A majority of voters in key battleground states are less likely to vote for Hillary Clinton in light of her vocal support for the Iran nuclear agreement.
According to a survey conducted by Vox Populi Polling, 54 percent of voters in Colorado, Florida, Iowa, Nevada, Ohio, and Virginia are at least somewhat less likely to cast a ballot for Clinton because she backed the nuclear deal, with 41 percent describing themselves as "much less likely" to vote for the Democratic presidential candidate.
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Meanwhile, only 22 percent are at least someone more likely to vote for the former secretary of state in the wake of her support of the deal, while 20 percent said they believe that it makes no difference.
Hours after President Obama announced the finalized deal with Iran on July 14, Clinton labeled the agreement an "important step that puts the lid on Iran’s nuclear programs" following a closed-door meeting with Democratic House members to whom she stressed that the agreement is "worthy of support."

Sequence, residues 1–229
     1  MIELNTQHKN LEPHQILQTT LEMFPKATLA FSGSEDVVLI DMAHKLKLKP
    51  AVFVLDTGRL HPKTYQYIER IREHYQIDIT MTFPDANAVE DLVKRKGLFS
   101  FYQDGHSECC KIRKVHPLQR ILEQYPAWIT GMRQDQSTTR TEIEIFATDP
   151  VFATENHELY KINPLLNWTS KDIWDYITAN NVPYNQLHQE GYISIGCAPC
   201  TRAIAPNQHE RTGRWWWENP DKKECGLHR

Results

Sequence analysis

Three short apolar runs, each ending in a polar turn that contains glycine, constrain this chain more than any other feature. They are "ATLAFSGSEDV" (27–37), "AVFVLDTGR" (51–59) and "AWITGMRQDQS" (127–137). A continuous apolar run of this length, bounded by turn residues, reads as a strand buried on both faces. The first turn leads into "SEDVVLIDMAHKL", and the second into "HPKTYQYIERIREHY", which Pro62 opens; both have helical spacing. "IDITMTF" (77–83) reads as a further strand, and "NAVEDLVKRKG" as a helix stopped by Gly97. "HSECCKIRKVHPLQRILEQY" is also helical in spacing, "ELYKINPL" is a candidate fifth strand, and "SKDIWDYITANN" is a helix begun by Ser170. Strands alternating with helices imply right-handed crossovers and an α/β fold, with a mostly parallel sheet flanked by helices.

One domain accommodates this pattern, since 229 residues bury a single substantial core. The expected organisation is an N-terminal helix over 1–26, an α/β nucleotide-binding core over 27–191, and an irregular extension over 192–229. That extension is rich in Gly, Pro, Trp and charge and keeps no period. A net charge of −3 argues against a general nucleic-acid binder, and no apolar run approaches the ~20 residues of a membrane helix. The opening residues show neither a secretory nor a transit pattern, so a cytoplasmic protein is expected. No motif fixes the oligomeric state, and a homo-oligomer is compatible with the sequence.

Days later, however, Clinton admitted to a crowd of New Hampshire voters that she "absolutely" does not trust the Iranian regime.
Early polling indicates that Americans overwhelmingly oppose the nuclear deal by a 2-to-1 margin.
The survey, conducted between Aug. 9 and 10, indicates that Clinton faces generally negative views from voters in battleground states that would be key to her path to the presidency.
Fifty-seven percent of voters in these states harbor an unfavorable view of the former secretary of state and 60 percent distrust her as she continues to battle controversy surrounding her private email system.
Perhaps most illuminating, only 39 percent of battleground state voters said that they would lean toward voting for Clinton if the 2016 general election were held today. Fifty-three percent would instead favor an unspecified Republican nominee.